James Nottingham's Blog

Reflections from a World of Education

Archive for Australia

Teaching the ASK Model

Two of the schools I’m working with, one in Doncaster (UK) and the other in Cambewarra (Australia), are trying a new approach to their curriculum that places an emphasis on Attitudes and Skills, as well as Knowledge (ASK). In a previous blog, (see Teaching Attitudes on 18 March 2009) I shared the Attitudes work of Sandringham Primary School. Now, here’s an insight into the Skills work that Cambewarra Primary School are doing.

Selecting five key thinking skills, Processing information, Reasoning, Inquiry, Creativity and Evaluation, Trent Burns and his colleagues are ensuring that at least one of these skills is at the heart of each lesson. For example, when studying the environmental impact of technologies, the children would be asked to “paraphrase” the contributions of another, and then to add a “reason” to that opinion or argument.

Of course, since the children would have to use their thinking skills in order to answer a question or complete a task, some might say the deliberate focus on a particular type of thinking is unnecessary. And yet to improve any skill, expert practice concerns itself with breaking the skill down into parts. For example, in addition to swimming from one side of the pool to the other, a swimmer wishing to improve his/her skills would be well advised to at times focus almost exclusively on head position, then perhaps on the timing of his/her arm strokes and maybe another time on the frequency of kicks. And so it is with thinking – breaking the whole skill down into parts so that the whole might be improved bit by bit.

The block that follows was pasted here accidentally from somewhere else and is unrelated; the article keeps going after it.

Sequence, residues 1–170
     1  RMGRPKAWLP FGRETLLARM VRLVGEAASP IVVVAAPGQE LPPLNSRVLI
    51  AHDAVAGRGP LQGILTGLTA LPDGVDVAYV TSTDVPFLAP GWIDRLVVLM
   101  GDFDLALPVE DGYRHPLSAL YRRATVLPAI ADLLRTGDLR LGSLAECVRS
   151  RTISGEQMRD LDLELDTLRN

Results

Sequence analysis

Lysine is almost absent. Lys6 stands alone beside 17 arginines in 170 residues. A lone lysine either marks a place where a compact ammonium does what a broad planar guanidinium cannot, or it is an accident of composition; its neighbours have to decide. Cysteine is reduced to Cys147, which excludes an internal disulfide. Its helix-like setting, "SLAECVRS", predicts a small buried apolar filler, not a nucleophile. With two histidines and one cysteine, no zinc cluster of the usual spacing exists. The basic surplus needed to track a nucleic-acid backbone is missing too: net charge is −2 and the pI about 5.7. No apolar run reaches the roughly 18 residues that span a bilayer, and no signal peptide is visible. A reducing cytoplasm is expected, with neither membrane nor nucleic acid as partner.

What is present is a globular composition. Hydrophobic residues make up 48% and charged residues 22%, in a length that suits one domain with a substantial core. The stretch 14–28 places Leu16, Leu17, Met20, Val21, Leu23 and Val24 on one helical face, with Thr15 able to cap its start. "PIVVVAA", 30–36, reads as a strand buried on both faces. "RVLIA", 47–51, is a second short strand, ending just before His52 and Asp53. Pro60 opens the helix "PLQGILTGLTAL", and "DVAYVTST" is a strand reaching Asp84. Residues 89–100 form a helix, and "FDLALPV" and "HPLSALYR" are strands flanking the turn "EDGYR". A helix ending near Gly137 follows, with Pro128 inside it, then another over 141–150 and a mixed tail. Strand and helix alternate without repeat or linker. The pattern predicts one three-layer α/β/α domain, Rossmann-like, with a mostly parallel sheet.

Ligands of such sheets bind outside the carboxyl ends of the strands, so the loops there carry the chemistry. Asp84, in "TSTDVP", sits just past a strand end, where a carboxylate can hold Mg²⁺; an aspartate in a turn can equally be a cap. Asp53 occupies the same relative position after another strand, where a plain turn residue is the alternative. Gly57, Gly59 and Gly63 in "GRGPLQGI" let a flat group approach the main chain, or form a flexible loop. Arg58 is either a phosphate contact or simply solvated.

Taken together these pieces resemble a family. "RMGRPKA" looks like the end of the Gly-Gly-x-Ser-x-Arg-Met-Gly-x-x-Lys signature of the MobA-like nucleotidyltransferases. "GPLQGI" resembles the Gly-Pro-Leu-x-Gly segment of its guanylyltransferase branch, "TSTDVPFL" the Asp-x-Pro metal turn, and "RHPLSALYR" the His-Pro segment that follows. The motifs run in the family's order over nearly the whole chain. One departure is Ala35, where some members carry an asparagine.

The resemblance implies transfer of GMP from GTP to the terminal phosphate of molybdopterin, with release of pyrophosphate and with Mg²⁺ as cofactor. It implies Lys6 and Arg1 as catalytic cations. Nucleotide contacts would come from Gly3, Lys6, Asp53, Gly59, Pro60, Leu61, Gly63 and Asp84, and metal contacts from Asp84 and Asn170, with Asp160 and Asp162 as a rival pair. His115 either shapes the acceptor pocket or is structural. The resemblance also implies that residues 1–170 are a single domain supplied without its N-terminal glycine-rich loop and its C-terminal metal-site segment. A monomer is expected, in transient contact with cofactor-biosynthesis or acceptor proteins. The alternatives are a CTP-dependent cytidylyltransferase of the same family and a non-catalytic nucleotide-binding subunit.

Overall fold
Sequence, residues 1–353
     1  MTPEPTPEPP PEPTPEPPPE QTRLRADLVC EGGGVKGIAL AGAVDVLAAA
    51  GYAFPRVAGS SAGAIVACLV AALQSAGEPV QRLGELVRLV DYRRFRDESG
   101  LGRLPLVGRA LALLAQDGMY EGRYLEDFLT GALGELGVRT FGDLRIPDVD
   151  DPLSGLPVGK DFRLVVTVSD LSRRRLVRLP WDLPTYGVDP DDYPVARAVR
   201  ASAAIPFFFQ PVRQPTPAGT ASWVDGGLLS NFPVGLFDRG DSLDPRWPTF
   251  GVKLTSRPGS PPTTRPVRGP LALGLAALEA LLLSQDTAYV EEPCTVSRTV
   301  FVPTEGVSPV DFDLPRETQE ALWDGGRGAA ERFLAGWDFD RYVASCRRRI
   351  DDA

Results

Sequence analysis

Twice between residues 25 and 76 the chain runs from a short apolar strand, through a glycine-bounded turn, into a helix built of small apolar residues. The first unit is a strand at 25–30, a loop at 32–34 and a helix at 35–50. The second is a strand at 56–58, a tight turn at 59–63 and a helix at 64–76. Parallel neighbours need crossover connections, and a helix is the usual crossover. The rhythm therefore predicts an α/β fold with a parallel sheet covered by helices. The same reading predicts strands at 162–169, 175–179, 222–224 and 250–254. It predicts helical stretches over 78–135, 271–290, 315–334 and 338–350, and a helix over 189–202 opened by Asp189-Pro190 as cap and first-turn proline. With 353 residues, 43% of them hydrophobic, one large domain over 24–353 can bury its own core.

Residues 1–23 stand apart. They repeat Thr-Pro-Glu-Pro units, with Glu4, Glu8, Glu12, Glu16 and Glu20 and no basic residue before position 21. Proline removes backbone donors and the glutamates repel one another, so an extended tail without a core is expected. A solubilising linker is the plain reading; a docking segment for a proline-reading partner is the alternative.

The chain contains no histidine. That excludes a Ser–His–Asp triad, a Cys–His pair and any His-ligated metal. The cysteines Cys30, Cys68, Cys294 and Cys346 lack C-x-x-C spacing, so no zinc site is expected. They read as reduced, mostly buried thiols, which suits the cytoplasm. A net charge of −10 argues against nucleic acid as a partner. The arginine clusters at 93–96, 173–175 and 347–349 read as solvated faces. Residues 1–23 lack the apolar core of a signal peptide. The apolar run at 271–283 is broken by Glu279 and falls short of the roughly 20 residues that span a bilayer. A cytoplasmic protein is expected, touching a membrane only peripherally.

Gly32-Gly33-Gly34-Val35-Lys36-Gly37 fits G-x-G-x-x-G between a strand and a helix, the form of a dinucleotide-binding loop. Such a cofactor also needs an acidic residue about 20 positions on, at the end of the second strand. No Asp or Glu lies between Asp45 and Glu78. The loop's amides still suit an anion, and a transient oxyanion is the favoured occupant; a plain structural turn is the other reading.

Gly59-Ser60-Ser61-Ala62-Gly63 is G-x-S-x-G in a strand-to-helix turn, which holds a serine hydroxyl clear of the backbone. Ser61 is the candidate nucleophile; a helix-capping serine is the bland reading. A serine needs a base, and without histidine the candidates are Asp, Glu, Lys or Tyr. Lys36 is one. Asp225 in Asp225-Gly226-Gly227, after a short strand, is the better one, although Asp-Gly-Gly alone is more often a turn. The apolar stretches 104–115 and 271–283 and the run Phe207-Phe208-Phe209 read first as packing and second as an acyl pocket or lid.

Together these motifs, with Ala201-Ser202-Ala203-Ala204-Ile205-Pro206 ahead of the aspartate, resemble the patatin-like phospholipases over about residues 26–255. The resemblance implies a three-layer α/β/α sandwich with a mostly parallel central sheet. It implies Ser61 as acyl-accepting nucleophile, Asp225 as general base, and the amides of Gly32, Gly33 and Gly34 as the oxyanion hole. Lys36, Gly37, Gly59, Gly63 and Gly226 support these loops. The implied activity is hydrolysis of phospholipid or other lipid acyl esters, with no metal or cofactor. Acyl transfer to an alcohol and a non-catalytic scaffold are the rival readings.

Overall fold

Furthermore, Trent’s students enjoy the added dimension that a focus on thinking skills brings to their lessons, referring frequently to the PRICE model either by identifying the skill they believe they are using to solve a task, or setting out to improve a particular skill by finding opportunities to practise it.

Look out for an update on their progress after my visit there in June.
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Core Values

At the heart of the Community Designed Education process is the identification of a set of Core Values. Though most schools have a set of “virtues posters” dotted around the place, this approach is different in that a) it identifies just 3 or 4 of the most important ones, b) focuses attention on these top values so that they are far more likely to be embedded, and c) ensures that the chosen values become part of the curriculum and the culture of the school, and not just a topic for assemblies now and again.

For one school in the CDE network, the effect of this was remarkable. All of the staff voted for the top 3 values, with “Everyone feels valued” coming out as the top one. At the time of the vote this was a primary school doing a good job in a challenging area; they had lots of posters around the school extolling various virtues and the staff were trying their best to teach a whole range of positive behaviours. But by their own admission, not everyone was feeling valued. So they challenged themselves over the coming weeks to ensure that everyone they came into contact with, children, colleagues, parents (even Mrs Smith who is making her 5th complaint of the week) would be valued. Within a few months, the school felt a different place: more positive, supportive and more caring than ever before.

If you’re considering this approach, then remember that pretty posters are not enough! Core values need to be modelled, articulated and taught. As you can see in the photo of Cambewarra’s display, they have not only identified their main values but described each one as well as listed behaviours one would expect to notice when these values are being practised/maintained. They also teach these values through form tutor time, in assemblies and throughout the curriculum.

For more information and ideas about core values, I recommend the CDE website and Bill Martin’s Leadership Blog.